Tuesday, April 28, 2009

One Egret

On Sunday Dad and I spent a few hours at his work, cutting, bending, and welding strips of metal for a trellis we're working on. We stopped by an empty lot in the industrial park where people (possibly the nearby senior's home?) dump their yard waste. We scored a giant clump of daylilies (I expect Stella d'Oro since they're so common), a handful of tiny spring bulbs that I think are Scilla siberica, and a type of rose was abandoned long ago and naturalized, which my father sort of remembers to be white with a prominent yellow center. I'll know for sure once it blooms!

We also found a young beech tree to plant, which we are both rather geekily keen on. I have high hopes that ours is resistant to the beech bark disease, since we found it in Woodside, which is one of the longest-exposed areas to the disease (it was introduced to North America via Halifax in 1891), and none of the beeches in the grove were afflicted (that I could see). The tree's name is either Beatrice or Bernice. I like Beatrice more as a name, but Bernice seems to fit Woodside better.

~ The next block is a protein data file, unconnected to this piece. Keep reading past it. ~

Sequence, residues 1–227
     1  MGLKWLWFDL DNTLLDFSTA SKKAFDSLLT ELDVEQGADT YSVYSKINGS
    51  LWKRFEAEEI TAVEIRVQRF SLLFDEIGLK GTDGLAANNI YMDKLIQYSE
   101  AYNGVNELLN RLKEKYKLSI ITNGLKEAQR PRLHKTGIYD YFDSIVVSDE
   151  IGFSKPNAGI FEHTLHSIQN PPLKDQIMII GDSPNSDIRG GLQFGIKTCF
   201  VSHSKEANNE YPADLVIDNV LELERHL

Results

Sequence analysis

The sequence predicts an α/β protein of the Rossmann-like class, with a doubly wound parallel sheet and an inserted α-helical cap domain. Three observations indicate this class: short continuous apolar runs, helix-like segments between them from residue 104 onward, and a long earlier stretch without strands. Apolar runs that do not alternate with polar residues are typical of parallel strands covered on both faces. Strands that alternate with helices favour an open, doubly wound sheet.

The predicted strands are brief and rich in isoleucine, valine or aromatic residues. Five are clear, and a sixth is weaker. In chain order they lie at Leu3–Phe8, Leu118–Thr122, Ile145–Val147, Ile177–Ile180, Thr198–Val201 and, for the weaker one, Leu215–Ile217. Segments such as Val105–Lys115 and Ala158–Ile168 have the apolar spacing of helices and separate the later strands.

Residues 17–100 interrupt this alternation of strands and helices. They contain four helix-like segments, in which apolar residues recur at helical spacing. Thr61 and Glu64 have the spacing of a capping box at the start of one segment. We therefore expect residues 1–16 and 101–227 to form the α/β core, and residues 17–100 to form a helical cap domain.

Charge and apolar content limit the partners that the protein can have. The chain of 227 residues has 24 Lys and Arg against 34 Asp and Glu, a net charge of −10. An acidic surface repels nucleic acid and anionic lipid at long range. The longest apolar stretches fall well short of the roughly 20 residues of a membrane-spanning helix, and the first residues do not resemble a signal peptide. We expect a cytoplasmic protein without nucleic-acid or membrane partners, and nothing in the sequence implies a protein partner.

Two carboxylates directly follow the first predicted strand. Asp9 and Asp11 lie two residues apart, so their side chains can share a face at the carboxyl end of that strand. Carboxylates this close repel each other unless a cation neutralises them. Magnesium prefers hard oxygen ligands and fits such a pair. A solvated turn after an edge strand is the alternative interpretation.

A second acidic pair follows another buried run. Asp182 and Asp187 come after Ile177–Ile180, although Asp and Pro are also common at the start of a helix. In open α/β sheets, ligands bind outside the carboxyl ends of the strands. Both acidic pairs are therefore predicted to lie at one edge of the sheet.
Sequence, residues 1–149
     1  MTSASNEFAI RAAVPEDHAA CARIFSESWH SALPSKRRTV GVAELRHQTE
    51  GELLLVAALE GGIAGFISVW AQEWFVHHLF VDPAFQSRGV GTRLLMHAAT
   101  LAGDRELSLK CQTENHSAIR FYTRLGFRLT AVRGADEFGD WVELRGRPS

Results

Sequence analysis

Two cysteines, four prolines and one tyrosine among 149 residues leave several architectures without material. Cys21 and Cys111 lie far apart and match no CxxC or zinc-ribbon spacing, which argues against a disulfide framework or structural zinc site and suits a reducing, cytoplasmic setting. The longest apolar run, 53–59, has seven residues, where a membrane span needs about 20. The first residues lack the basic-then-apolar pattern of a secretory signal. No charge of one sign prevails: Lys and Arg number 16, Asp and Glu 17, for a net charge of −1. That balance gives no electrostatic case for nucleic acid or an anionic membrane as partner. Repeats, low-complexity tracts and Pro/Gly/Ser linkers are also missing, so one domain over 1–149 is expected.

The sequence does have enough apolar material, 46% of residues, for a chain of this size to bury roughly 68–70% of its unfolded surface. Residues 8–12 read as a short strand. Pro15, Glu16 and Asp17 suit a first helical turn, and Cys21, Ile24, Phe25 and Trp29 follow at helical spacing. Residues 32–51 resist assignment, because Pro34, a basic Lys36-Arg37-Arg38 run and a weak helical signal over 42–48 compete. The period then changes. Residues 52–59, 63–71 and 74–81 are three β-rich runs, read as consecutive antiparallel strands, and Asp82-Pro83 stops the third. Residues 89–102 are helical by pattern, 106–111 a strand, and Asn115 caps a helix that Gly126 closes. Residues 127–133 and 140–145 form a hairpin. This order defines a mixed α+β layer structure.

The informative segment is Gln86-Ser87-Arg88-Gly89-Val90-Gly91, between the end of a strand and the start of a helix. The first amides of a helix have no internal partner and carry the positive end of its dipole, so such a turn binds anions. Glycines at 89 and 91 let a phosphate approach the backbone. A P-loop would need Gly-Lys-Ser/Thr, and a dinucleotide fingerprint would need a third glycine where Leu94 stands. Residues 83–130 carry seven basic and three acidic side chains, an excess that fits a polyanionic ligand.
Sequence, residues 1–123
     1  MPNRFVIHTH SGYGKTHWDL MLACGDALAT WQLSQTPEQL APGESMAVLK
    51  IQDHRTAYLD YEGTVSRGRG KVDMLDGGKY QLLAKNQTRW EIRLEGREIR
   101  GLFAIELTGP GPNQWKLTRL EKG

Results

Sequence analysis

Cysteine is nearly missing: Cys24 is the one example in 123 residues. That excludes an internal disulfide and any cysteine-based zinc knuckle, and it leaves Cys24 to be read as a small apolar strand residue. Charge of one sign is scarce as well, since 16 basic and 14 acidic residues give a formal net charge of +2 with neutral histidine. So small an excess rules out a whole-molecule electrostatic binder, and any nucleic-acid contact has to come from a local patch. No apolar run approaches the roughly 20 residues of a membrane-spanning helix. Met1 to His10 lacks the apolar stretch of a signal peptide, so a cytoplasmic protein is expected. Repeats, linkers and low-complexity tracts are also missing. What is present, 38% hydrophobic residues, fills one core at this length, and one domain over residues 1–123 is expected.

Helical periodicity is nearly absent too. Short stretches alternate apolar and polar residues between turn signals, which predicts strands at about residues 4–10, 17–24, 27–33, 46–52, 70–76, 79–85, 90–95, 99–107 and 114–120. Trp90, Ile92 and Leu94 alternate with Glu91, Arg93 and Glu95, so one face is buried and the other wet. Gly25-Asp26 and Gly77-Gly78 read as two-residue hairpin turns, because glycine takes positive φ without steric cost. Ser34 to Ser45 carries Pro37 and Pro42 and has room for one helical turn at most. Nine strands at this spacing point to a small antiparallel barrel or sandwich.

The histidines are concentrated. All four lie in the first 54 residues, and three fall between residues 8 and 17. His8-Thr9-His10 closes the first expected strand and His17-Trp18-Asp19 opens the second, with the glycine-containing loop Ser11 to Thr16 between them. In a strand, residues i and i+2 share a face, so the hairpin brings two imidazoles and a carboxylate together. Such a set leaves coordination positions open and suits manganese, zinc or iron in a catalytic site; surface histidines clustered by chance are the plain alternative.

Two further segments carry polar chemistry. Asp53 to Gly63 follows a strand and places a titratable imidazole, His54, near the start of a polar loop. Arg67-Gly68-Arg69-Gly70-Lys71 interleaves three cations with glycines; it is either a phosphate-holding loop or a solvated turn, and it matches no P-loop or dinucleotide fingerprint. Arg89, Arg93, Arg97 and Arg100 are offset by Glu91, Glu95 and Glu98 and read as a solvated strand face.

Then, to cap off a lovely sunny day (although the wind was puffy and cold), on our way home we saw this Great Egret hunting for little eels in a small marsh right next to the road:


(The egret is over-exposed because the camera couldn't light meter properly for his brightness - and I also over-corrected the saturation when I corrected the exposure as best I could. Normally I wouldn't point this out but I'm feeling confessional tonight and too lazy to fix it).

PS: I'm still keeping up with my NS Landscape blog, I try to post once a week. My latest post is on Devil's Island.

Tuesday, April 21, 2009


I wrote my first guestblog this week! You can find it over at The Egalitarian Bookworm, which I read regularly. I actually wrote two posts for blog author Fellowette. The guestpost has me rather literally chewing over the scenery on the Little Dorrit miniseries currently airing on PBS. The other blog, which I will post below, were some general comments on Episode 4, which aired this past Sunday.


Episode four of Little Dorrit, “In Which the Plot Continues to Build Just Like the Other Three Episodes So Far.” I started reading the book about the same time as the miniseries started airing. Last week was the first week I was ahead of the novel, and since I finished it last week, the interest is building to find out how Andrew Davies finishes up the story – his adaptation has been pretty faithful so far.

Some of the highlights of this week’s episode for me:

The “previous episode” montage – why in the world was the final clip of that montage the shot of Rigaud/Blandois barking? “Last week on Masterpiece Theatre: momentous event, touching moment, building mystery, summary of characters, swelling music, man barks like dog. End summary.”

Flora’s staircase groping – this was made even more hilarious just knowing that it is in the book as well. Doyce and Clennam